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Australia could create investor certainty and break its political deadlock over climate policy by making simple changes that would establish a carbon market while upholding both major parties’ main core principles, according to think-tank the Grattan Institute.
EU carbon prices broke and held above a key technical resistance level around €5.50 on Monday to reach their highest in 10 weeks.
Continued demand from emitters pushed NZUs to new highs on Monday, while some observers urged the government to announce the ETS review outcome sooner rather than later in order to bring certainty for market participants.
British Columbia will keep its carbon tax frozen at C$30/tonne until at least 2018, the Canadian province’s environment minister said late last week, rejecting calls for an earlier increase.
A CO2-cutting project developer and a conservation group have teamed up to launch Biodiverse Carbon Conservation (BCC), a carbon aggregator that will seek to sell offsets under Australia’s Emissions Reduction Fund (ERF).
The Climate Markets and Investment Association (CMIA) has issued a request for proposals to appoint its next executive director and supporting secretariat following the lobby group’s move to an outsourced model based on an annual appointment process.
Job listings this week:
Executive Director, RGGI, Inc. – New York
Committee Specialist, Energy and Climate Change Committee, UK House of Commons – London
Senior Consultant, Sustainable Investments, South Pole Group – London/Stockholm/Berlin
Senior Consultant, Sustainability Supply Chain Risks, South Pole Group – London/Stockholm/Berlin
Senior Project Manager and/or Team Lead in Energy & Climate Change Mitigation, INFRAS – Zurich
Administration Coordinator, Climate Friendly – Sydney
CMIA request for proposals: Executive Director and supporting resource
Or click here to see all our job adverts
BITE-SIZED UPDATES FROM AROUND THE WORLD
Israel approves climate plan – The Israeli Cabinet has approved a plan for how to meet its target of cutting GHG emissions 25% below 2005 levels by 2020 while saving $8 billion. The plan entails improving energy efficiency, boosting public transport, cutting coal use while increasing natural gas and renewables, and growing the cleantech sector. The plan’s budget is still pending approval. (Jerusalem Post)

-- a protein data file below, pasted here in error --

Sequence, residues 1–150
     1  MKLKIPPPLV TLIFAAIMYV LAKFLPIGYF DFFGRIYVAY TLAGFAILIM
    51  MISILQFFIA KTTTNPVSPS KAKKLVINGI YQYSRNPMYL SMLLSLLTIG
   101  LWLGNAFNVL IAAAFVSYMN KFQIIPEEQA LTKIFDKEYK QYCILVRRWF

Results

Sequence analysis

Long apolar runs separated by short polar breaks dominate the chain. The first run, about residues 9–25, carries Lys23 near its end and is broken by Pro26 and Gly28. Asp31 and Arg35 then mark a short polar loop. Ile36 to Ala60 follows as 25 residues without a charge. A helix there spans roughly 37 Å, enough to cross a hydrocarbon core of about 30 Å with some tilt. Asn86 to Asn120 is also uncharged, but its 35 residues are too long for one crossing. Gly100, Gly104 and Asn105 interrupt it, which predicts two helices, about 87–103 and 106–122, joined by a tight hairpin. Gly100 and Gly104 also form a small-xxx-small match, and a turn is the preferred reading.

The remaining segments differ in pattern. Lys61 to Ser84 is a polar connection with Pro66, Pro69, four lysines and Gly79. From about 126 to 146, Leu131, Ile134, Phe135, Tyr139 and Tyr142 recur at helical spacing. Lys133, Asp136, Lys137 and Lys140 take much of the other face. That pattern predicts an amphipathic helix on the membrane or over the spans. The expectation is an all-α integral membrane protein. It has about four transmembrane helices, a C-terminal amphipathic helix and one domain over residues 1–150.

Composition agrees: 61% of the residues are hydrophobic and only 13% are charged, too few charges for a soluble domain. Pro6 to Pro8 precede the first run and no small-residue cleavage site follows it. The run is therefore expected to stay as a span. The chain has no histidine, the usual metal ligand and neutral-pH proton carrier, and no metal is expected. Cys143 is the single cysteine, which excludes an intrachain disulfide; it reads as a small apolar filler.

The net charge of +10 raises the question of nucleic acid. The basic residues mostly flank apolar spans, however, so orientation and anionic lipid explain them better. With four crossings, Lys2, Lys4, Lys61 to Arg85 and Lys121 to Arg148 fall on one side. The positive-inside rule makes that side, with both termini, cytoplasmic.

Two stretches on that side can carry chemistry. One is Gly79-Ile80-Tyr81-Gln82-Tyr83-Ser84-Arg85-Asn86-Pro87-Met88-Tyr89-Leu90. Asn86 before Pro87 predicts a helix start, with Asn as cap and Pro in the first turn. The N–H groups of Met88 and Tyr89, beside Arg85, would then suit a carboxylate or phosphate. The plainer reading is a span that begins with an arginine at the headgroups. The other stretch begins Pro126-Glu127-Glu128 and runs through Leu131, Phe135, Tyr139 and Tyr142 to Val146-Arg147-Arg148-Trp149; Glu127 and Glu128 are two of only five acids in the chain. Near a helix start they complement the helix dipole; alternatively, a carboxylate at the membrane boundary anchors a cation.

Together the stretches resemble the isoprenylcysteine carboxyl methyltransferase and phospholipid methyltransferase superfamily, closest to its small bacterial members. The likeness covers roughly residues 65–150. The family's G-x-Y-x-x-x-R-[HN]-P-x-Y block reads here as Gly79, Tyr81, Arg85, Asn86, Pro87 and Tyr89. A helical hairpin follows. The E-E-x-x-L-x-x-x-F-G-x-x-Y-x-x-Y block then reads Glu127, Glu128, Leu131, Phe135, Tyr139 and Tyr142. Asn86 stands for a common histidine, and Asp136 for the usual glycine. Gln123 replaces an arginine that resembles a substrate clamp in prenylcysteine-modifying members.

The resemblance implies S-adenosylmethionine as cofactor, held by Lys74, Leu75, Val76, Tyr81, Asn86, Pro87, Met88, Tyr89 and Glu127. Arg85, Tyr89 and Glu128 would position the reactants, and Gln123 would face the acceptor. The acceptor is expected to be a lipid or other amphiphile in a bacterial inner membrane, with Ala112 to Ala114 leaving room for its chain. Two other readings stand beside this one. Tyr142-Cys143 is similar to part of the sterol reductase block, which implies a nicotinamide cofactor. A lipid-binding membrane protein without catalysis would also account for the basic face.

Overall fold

Mmm… Chinese sludge – China cut could 380 million tonnes of CO2e every year by treating just 10% of the sludge from its wastewater plants in bioenergy plants instead of just trucking it to landfills, according to a World Resources Institute report. (Reuters)
China’s steel cuts and the global response – China plans to cut steel production by 100-150 million tonnes by 2020, but a senior Ministry of Industry and Information Technology official said this weekend a further 200 million tonnes should be cut to really make a difference. This came as thousands of German steel workers were due to demonstrate across the country, protesting what they see as a flood of cheap steel from China and unfair EU ETS costs. The OECD will on Apr. 18 in Brussels convene a high-level meeting of US and North American government and industry leaders to discuss global steel overcapacity. The talks aim to discuss how governments can facilitate industry restructuring and reduce competition-distorting policies. (Reuters, Deutsche Welle, OECD)
Mas dinero – The Inter-American Development Group aims to double spending on green projects to US$4 billion a year by 2020 to help countries realise their INDC pledges, Climate Home reports.
(Corrected) Money, Money, Money – The Swedish Energy Authority has paid nearly 15 million euros for Chinese CERs that went to developer Carbon Asset Management (CAM), a subsidiary of Tricorona, according to an article published by the Swedish Society for Nature Conservation. In 2008, the Swedish government and CAM bought 9 million CERs from two Chinese companies, including state-owned Datang, at around 12 euros each. CAM took 95% of the offsets. But as CER prices collapsed, CAM wanted out of the deal, and it eventually went to an arbitration court in the Netherlands in 2014, where the Swedish Energy Authority agreed to pay a settlement. It ended up paying the full settlement, but never got CAM’s share of the CERs back as the company was about to go bankrupt. The bankruptcy was finalised in July last year, and papers show the Energy Authority still had unmet claims of nearly 15m euros. The entire article is available here (in Swedish).
Hot off the press – The March/April issue of industry mag Carbon Mechanisms Review is out. The latest issue of this quarterly by the JIKO unit of the German environment ministry examines in-depth the market provisions of the Paris Agreement.
And finally… Signing off – Anonymous carbon trading and climate investing pundit Climate Trader is shutting down his/her blog, he/she announced over the weekend. “Being anonymous is weird. I’m also moving back to London this summer and will likely open another website,” he/she wrote. “I’m currently researching open source options for automating analysis, as well as developing machine learning EUA algorithms, so stay tuned.”
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